DWI crackdown set for next two weeks

E. Bruns., Old Bridge, Monroe step up patrols through Labor Day

East Brunswick, Monroe and Old Bridge are among the local towns whose police departments will step up their patrols over the coming two weeks to crack down on drunk driving.

The police departments have received state grants that will fund overtime so that additional police officers can be out on patrol making arrests for driving while intoxicated (DWI). The program, which is called “Over the Limit Under Arrest 2008 Statewide Crackdown,” will begin Aug. 15 and run through Sept. 1, which is Labor Day.

Statewide, local and state law enforcement officers will conduct sobriety checkpoints and use extra patrols, looking for motorists who may be driving while intoxicated.

East Brunswick and Monroe police plan to use roving patrols instead of checkpoints, officers from both departments said.

“We’ll be using extra patrols,” said Lt. Marc Jimenez of the Monroe Township Police Department. “These officers will be in addition to our regular patrols.”

East Brunswick Patrolman Christopher Soke said most of his department’s extra patrols will take place during the times when most drunk driving occurs.

“[The added officers will work] from the mid-evening hours into the early morning hours, predominantly on the weekends and weekend nights, and the busiest times,” Soke said.

State police troopers will also be stepping up enforcement efforts, but those are separate from the local police departments.

A concentrated national effort, the “Over the Limit” campaign is designed to raise awareness about the dangers of drinking and driving through high-visibility enforcement and public education tools such as posters, banners and mobile video display signs, according to the New Jersey Attorney General’s Office. Launched nationally in 1999, the program combats drunk driving during some of the busiest travel times of the year.

“New Jersey’s drunk driving laws are among the toughest in the nation” said New Jersey Director of the Division of Highway Traffic Safety Pam Fischer. “This initiative increases public awareness not only about the serious fines and penalties drunk drivers can face, but the grave danger these motorists pose to all individuals on the road.”

As part of the national initiative, the Division of Highway Safety provides grants to local law enforcement agencies throughout the state to run the two-week campaign.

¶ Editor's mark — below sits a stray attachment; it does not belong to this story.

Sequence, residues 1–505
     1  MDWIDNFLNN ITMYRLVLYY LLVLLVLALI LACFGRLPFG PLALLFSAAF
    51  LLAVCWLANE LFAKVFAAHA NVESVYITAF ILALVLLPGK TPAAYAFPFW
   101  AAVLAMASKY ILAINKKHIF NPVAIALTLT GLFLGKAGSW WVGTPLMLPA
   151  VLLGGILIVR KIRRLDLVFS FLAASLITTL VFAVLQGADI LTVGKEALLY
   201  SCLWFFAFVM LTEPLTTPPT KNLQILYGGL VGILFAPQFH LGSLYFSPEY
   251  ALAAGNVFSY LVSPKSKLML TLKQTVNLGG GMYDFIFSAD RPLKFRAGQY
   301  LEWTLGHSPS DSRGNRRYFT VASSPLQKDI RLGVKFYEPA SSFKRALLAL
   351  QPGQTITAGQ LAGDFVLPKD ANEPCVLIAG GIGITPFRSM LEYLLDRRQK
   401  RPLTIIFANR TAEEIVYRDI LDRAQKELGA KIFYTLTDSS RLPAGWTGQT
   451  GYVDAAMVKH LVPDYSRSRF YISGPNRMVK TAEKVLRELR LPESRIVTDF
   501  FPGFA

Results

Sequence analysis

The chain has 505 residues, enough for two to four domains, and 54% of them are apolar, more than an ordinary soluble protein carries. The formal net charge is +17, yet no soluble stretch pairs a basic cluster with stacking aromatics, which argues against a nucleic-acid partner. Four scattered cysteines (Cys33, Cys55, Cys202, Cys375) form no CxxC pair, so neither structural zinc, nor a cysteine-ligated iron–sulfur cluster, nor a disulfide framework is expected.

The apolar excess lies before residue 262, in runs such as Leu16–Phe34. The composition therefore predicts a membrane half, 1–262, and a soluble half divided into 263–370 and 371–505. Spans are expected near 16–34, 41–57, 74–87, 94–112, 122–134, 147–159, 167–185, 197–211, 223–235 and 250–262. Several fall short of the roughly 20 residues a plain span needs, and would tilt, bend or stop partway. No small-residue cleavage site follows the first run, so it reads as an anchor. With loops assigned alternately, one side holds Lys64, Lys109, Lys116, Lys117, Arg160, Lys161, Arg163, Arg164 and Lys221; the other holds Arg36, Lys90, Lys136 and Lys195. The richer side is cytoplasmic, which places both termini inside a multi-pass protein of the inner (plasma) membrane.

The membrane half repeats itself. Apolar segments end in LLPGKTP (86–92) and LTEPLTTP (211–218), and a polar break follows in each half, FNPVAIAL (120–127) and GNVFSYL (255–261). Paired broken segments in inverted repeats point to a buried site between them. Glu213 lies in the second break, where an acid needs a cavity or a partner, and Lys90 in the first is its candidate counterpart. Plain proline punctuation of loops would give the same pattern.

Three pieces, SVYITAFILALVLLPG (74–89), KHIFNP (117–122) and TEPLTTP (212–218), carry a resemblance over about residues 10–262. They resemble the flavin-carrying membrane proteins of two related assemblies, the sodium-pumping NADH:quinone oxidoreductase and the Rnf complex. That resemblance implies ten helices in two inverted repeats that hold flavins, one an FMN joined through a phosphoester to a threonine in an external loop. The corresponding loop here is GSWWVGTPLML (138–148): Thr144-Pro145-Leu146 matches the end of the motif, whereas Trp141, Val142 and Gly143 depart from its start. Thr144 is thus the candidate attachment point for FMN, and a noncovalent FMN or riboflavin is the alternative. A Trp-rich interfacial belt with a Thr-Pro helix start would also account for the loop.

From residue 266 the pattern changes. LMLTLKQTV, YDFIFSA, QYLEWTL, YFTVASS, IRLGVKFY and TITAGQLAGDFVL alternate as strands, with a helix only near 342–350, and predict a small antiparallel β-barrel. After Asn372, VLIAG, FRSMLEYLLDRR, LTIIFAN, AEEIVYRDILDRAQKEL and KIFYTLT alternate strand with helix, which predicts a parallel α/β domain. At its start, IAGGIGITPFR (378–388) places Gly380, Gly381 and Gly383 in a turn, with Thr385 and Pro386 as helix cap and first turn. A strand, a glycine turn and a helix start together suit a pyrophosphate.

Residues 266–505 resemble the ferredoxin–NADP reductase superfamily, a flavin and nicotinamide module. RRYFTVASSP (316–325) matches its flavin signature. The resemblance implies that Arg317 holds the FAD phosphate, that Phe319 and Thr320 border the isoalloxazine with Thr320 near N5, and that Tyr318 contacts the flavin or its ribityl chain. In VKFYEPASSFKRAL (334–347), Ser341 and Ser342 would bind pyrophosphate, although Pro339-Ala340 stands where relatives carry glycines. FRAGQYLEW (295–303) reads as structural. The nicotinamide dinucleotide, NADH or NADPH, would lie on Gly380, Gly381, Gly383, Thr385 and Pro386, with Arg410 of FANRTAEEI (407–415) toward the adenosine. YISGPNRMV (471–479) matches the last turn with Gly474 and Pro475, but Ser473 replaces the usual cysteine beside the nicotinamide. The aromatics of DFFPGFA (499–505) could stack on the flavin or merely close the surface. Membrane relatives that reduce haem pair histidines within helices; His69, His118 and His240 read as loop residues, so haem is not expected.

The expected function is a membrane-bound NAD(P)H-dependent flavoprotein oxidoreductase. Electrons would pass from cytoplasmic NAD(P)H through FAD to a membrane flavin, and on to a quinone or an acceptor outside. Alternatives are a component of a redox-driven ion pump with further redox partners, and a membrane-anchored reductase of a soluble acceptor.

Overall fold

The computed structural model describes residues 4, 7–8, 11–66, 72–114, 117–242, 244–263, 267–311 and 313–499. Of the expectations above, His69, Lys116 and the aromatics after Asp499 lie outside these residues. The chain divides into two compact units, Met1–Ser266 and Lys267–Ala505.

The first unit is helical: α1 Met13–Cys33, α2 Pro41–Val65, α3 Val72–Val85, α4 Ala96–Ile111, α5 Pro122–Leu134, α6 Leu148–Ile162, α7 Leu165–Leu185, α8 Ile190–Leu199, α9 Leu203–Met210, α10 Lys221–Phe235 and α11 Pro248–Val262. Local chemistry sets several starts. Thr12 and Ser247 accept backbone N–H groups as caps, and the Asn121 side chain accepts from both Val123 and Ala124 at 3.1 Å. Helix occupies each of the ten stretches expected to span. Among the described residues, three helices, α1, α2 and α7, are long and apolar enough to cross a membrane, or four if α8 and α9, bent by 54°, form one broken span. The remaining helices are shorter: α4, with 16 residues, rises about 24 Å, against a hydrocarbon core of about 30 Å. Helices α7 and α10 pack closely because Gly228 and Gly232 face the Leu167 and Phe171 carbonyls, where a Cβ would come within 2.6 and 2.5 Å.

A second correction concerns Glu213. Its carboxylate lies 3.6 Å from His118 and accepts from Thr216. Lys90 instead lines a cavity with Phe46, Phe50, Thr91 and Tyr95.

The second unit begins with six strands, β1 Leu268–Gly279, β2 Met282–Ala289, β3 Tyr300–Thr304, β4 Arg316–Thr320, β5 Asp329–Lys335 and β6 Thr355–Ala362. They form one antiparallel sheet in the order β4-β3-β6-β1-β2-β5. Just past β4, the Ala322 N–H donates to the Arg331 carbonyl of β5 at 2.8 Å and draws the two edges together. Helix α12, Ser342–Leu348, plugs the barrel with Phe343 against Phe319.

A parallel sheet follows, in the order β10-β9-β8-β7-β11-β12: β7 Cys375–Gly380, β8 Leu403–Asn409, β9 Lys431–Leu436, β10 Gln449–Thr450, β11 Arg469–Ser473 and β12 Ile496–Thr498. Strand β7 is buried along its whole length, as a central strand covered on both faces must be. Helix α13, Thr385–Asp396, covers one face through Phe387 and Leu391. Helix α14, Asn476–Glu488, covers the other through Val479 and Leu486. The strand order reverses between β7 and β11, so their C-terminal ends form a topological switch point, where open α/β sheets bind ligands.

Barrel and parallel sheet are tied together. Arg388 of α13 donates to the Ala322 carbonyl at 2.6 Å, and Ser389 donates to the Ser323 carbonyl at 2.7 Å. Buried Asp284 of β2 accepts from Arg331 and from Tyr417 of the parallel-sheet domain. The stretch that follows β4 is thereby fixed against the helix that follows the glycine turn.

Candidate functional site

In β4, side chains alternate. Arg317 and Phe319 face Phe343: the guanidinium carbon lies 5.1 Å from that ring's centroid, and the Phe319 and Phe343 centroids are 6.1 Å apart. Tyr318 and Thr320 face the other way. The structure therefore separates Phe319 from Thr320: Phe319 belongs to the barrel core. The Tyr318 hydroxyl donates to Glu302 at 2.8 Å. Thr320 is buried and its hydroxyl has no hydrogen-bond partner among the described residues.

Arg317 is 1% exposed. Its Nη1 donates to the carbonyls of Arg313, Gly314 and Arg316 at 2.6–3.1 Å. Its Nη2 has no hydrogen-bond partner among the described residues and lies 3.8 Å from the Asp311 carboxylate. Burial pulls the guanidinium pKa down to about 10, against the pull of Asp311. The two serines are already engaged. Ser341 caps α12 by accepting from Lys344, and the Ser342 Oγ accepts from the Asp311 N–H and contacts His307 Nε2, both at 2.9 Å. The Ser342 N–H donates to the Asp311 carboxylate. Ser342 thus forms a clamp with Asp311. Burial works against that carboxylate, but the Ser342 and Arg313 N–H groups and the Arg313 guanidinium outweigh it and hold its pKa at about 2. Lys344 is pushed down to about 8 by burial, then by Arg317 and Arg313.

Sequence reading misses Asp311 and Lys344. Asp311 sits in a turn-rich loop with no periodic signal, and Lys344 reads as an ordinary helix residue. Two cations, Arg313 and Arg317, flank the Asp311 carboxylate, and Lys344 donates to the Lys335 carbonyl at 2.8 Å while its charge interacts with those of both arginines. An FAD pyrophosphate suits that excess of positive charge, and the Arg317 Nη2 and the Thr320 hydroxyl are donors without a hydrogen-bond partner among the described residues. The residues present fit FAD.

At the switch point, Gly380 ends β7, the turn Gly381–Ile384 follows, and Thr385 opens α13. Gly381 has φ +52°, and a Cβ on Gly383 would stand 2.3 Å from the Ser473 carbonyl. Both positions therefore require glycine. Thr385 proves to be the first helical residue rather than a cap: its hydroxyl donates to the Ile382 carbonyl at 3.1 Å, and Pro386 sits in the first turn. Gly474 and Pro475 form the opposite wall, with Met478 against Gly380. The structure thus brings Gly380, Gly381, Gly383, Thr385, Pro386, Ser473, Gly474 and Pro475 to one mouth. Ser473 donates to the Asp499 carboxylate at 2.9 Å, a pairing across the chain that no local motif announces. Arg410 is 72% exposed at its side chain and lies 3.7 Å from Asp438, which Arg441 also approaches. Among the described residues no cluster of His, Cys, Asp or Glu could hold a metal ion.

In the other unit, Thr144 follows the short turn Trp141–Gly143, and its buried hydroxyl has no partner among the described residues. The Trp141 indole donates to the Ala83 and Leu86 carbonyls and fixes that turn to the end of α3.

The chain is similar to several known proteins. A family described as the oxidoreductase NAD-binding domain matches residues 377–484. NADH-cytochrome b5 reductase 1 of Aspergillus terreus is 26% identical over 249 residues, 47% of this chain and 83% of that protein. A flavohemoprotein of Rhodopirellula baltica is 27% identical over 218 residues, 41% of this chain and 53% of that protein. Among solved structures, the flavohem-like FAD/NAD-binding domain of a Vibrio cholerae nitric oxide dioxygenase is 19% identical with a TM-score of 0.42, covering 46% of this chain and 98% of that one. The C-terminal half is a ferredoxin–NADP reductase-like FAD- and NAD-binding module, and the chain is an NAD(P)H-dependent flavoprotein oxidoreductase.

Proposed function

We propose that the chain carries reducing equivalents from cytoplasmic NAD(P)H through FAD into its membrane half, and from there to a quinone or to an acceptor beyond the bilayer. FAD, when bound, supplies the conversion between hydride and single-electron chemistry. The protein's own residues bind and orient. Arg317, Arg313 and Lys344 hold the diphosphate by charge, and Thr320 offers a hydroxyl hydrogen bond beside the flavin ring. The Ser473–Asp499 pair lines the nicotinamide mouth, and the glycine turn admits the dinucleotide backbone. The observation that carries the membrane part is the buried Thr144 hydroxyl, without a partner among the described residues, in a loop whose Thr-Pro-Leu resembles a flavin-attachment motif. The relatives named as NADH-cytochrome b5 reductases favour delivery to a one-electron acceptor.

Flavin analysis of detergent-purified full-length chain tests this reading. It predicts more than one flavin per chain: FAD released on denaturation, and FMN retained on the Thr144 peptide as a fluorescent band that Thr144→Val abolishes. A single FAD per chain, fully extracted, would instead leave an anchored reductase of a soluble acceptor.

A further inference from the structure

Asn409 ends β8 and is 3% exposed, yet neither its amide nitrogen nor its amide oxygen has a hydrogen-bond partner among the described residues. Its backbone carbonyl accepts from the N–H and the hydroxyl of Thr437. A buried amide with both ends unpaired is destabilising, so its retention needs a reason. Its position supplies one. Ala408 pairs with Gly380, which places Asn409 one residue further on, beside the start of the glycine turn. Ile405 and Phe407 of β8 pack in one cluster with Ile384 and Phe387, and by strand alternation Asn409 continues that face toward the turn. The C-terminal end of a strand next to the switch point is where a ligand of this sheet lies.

Impaired drivers kill nearly 18,000 people nationally each year, according to the National Highway Traffic Safety Administration (NHTSA).

In 2007, some 205 people were killed as a result of alcohol-related crashes on New Jersey highways. That number represents 28 percent of the 724 traffic fatalities reported in the state. In addition, 82 of those alcohol-related fatalities occurred during the summer travel season.

New Jersey law states that a person is guilty of drunk driving if he or she operates a motor vehicle with a blood-alcohol concentration (BAC) of .08 percent or greater.

First offense penalties for those with a BAC of between .08 and .10 percent face fines of $250-$400; imprisonment up to 30 days; three months driver’s license suspension; a minimum of six hours per day for two consecutive days in an intoxicated driver resource center; and an auto insurance surcharge of $1,000 per year for three years. For those with a BAC above .10 percent, the first-offense fine is $300- $500; imprisonment up to 30 days; seven months to a year driver’s license suspension; a minimum of six hours per day for two consecutive days in an intoxicated driver resource center; and an auto insurance surcharge of $1,000 per year for three years. Any offense also carries surcharges and fees totaling $375 to various funds and agencies.

Law enforcement agencies participating in the campaign offered the following advice for those planning to drink: Choose a designated driver before going out; take mass transit, a taxicab, or ask a sober friend to drive you home; spend the night where the activity is held; report impaired drivers to law enforcement; always buckle up, every ride.

Brian Donahue